I was seventeen when I found out I was pregnant with my now four-year-old son, Adriel. At the time, I had been planning to participate in a three-week-long excursion to Honduras in which a group of ten or twenty would be working to improve the water system in a small village. This was to be my first service trip outside of the United States and I couldn't have been more excited. Needless to say, I was devastated when I realized I was no longer one, but two. My initial reaction was to withdraw from the trip and focus on my pregnancy, assuming I couldn't do one without impeding the other.
However, with some prodding from my trip leader, I decided to continue with my plans and travel to Honduras with the group as arranged. I reasoned I could manage both my pregnancy, travel and work, as many women had done so before me.
I couldn't have known the impact this decision would have on my life. I learned more about being a woman and a mother in those seventeen days than I could have learned from a thousand parenting books, and also found a deep passion in my heart for in overseas service work and decided to study social work. The women I met are some of the strongest, most determined women I have ever met, with an uncanny ability to manage both their work and their families.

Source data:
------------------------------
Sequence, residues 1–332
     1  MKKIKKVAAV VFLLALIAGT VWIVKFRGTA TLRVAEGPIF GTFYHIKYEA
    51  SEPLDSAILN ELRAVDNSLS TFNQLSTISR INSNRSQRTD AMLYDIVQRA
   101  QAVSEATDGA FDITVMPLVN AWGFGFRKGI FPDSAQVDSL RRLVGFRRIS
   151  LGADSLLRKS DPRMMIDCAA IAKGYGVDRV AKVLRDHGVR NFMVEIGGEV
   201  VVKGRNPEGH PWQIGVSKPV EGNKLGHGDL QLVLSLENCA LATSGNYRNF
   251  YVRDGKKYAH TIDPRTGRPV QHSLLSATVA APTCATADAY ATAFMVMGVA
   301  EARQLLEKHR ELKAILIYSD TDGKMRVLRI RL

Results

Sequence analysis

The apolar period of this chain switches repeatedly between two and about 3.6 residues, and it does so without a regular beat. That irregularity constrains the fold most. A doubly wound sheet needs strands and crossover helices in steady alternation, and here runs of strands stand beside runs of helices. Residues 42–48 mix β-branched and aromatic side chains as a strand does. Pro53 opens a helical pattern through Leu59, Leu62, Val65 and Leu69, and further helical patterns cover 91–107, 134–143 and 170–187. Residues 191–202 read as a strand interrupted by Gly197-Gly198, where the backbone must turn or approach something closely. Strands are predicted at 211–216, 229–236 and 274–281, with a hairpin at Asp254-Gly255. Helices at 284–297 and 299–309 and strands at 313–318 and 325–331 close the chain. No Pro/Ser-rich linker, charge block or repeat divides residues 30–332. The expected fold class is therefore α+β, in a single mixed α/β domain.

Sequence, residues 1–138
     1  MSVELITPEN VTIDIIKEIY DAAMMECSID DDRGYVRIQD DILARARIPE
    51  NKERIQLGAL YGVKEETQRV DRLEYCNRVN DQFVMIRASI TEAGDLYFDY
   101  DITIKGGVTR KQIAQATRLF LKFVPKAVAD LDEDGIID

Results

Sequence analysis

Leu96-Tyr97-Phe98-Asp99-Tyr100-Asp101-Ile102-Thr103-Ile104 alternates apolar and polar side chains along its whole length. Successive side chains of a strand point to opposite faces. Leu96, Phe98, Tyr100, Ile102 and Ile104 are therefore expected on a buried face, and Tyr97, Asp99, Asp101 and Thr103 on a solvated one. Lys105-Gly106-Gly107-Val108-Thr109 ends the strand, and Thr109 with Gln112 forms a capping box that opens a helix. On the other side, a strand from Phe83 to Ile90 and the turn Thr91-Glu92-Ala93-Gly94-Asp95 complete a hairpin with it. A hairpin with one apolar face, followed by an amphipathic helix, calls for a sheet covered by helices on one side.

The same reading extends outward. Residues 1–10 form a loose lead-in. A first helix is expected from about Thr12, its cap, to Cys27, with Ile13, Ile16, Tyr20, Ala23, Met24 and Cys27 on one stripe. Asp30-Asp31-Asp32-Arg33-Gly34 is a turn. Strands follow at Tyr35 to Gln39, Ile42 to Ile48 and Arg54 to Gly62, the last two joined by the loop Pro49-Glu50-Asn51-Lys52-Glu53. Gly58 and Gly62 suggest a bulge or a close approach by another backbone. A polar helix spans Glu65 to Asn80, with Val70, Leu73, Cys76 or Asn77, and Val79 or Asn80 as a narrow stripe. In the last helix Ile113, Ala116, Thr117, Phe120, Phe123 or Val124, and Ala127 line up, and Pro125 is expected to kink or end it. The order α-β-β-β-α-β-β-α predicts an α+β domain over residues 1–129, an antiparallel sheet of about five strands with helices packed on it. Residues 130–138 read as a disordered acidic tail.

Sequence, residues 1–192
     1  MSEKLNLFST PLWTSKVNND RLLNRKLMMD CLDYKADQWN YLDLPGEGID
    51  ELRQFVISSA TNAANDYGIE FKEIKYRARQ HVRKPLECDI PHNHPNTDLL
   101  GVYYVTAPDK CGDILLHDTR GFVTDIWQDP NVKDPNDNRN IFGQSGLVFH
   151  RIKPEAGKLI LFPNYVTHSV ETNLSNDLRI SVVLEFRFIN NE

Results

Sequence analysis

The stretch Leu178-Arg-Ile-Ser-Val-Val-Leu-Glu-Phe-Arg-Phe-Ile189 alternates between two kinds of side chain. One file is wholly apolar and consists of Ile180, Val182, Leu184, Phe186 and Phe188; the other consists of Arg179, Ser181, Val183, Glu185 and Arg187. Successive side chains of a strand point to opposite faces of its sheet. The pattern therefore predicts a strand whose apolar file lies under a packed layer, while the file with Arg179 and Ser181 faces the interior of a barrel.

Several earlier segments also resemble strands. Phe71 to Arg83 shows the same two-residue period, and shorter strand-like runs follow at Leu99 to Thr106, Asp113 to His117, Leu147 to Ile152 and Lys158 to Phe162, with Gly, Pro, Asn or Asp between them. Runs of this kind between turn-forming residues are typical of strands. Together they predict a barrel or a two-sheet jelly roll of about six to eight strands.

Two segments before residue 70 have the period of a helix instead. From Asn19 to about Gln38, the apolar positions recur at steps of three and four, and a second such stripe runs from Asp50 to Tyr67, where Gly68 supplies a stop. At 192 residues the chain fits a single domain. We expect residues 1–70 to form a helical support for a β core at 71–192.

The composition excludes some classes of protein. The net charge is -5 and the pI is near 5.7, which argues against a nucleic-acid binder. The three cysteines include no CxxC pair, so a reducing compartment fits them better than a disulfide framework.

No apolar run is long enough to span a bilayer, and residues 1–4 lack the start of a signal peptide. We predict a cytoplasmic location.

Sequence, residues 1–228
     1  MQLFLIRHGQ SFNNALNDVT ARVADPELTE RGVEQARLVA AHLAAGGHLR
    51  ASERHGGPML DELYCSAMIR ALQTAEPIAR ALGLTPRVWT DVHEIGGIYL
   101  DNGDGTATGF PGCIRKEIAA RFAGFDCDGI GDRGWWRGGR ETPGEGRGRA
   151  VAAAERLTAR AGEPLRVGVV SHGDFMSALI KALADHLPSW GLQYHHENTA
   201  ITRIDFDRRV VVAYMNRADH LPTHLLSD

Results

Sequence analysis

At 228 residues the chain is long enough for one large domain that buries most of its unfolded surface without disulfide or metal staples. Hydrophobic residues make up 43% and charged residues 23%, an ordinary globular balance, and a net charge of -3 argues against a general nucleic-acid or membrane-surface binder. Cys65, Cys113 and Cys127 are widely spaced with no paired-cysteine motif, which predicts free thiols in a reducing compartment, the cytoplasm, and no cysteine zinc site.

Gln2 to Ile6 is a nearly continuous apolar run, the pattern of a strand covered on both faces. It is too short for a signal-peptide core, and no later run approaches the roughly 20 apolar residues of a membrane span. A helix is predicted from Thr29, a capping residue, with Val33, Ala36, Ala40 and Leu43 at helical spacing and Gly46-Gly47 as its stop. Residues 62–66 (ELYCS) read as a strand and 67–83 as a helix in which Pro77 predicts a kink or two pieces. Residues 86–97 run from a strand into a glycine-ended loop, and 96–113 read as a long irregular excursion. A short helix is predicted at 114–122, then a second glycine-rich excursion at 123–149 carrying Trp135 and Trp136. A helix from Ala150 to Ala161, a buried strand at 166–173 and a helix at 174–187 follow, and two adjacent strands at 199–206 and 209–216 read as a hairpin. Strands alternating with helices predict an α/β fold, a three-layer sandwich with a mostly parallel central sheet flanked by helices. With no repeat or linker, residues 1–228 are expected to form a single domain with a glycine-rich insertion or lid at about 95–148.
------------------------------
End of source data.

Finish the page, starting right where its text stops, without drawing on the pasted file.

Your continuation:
Six months after my son was born, I returned overseas, this time to Afghanistan to teach English to women and children. Witnessing the strength of the human spirit amidst such oppression is an unforgettable, life-changing experience. It was also in Afghanistan where I was introduced to photography, which rapidly became a very important part of my life.
Upon my return from Afghanistan, I enrolled in Brescia University's online program and am studying for my degree in social work, while pursuing my photographic education locally, in addition to working full time as a receptionist. Currently, I have a 4.0 GPA, a fledgling photography business, a full time job, and a beautiful son whom I adore.
While I won't be able serve overseas long term until my son is grown, that's okay. I will continue to do short term service trips, and am planning on traveling to Africa next year to help with the building of a school. In the end, I could probably travel the whole world over and never see a face as beautiful as my son's. I suppose I'll just have to take him with me.